* Love is sharing and caring.
* Love unites us.
* Love is your willingness to share yourself.
Love is a state of being, a feeling, not an action. It is warmth, connectedness, and a desire to be closer. It’s my concern for your well-being as well as my own. Love is someone's recognition in the other of the things he or she likes most about self. Love is not critical or separating; it is accepting and supportive.
We hear much, especially in popular songs, movies, etc., about how painful love is. I disagree. Love doesn’t hurt; whatever hurts in a relationship is not love. Love isn’t limiting, it’s freeing.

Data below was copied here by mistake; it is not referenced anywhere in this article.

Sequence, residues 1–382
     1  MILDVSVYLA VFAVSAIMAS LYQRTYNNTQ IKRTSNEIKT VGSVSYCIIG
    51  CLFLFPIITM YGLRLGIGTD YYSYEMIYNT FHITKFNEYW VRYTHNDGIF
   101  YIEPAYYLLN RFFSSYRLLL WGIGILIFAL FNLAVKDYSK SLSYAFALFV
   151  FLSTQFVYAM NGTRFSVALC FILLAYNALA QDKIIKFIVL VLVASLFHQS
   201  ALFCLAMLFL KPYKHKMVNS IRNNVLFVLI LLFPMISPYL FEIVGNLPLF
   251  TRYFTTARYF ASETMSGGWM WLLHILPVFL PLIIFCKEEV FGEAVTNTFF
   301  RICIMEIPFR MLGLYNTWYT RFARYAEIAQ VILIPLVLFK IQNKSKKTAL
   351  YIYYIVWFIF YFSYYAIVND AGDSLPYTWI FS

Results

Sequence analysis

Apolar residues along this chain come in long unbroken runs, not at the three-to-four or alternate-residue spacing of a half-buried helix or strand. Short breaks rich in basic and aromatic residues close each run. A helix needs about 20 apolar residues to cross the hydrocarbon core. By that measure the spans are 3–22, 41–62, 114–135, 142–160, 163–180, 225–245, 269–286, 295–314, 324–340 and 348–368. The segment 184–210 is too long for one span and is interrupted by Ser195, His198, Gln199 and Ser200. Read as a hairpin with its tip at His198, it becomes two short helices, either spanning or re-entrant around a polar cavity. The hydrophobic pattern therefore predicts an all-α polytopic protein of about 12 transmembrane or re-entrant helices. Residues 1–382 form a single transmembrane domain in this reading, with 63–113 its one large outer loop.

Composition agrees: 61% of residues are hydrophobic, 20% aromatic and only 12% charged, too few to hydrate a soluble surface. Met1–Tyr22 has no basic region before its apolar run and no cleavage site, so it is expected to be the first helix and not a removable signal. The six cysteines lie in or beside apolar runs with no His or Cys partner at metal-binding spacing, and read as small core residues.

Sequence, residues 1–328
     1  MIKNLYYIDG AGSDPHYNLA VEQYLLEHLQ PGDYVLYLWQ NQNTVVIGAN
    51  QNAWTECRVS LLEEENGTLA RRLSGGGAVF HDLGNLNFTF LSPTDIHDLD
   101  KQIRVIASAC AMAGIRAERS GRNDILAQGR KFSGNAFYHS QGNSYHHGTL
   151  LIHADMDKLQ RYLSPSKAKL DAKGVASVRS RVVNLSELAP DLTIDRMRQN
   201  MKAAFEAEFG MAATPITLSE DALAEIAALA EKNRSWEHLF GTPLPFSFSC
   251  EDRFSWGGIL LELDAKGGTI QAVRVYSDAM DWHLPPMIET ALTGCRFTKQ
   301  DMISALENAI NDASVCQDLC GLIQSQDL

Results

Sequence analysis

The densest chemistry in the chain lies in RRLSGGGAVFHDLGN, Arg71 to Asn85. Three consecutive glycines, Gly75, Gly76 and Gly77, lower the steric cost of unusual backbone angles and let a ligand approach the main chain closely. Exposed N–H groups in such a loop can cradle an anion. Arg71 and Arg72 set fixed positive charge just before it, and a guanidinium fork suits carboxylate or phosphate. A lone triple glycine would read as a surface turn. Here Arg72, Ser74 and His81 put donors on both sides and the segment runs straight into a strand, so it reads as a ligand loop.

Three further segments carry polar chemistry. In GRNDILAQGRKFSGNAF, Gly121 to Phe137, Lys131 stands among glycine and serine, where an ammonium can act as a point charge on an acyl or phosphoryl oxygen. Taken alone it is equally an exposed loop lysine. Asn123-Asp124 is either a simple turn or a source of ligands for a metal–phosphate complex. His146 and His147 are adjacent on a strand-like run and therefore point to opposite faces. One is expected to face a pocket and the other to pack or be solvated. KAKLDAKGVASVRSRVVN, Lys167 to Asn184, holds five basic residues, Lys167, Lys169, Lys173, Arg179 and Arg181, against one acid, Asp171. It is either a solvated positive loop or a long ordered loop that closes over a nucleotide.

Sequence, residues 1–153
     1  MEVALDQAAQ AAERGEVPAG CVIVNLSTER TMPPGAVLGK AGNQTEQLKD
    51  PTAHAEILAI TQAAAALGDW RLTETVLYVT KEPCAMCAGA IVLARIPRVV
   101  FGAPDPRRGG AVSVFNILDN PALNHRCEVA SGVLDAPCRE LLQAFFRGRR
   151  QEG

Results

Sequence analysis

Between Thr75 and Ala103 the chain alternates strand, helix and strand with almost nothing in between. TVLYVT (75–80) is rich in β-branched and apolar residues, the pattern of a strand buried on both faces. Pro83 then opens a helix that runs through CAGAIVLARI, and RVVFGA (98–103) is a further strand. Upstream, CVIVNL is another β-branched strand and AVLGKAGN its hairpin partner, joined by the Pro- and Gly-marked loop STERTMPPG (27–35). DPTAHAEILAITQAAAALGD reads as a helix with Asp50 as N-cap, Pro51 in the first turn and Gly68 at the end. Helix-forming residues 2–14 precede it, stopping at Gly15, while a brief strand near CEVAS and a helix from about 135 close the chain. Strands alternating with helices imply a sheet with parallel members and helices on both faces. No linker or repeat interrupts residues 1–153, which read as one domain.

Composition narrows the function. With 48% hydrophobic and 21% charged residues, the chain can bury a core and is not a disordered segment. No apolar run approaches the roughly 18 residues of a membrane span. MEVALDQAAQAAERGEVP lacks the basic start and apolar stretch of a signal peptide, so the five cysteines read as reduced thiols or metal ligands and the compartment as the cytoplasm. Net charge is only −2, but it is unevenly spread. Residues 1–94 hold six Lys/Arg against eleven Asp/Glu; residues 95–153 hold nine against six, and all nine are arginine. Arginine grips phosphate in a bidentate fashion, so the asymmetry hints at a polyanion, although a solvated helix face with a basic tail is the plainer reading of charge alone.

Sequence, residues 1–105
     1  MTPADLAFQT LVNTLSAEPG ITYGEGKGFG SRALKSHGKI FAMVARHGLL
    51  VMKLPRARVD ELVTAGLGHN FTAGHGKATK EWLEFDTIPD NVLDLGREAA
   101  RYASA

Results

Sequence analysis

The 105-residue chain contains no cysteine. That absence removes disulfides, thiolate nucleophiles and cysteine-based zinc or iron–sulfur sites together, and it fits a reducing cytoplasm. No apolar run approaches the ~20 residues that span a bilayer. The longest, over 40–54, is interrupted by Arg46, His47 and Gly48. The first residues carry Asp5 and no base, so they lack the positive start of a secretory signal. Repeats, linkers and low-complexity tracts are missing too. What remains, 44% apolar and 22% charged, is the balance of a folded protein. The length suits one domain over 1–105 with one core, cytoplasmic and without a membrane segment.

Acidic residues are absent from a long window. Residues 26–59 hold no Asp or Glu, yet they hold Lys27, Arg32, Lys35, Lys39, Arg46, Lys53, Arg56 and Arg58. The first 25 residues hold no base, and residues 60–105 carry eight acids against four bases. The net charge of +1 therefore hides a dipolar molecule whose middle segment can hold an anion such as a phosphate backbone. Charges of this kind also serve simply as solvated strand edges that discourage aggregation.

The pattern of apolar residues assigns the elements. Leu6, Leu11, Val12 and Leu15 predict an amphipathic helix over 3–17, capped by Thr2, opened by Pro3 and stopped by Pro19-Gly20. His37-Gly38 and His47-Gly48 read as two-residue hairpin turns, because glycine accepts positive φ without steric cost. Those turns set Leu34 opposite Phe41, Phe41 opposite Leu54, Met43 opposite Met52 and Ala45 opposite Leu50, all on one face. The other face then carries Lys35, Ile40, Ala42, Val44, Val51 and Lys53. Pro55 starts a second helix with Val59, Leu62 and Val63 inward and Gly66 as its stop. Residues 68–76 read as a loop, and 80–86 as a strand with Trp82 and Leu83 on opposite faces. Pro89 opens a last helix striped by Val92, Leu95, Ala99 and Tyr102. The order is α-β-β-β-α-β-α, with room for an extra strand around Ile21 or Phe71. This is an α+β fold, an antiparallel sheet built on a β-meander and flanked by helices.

Love is how you feel; not what you do. The expression of love is one degree removed from the feeling itself. How you behave is not necessarily an accurate barometer of how you love—that depends on your understanding of love and your ability to express yourself effectively. Love is a feeling; the expression of love is an art. As with any art, there can be a wide gap between what is expressed and what is felt. The difference between expression and feeling has several contributing factors: self-awareness, honesty, safety, intent and fantasy. As with art, practice and knowledge of technique are helpful.
COMMUNICATION AND MISCOMMUNICATION
Whether you love or not is subject only to your own opinion, no one else’s. The proper answer to the age-old demand, “If you love me, you’ll_____” is: “Wrong. I do love you, but I’m not going to do that,” or, “I’ll do that, but it’s not a test of my love.”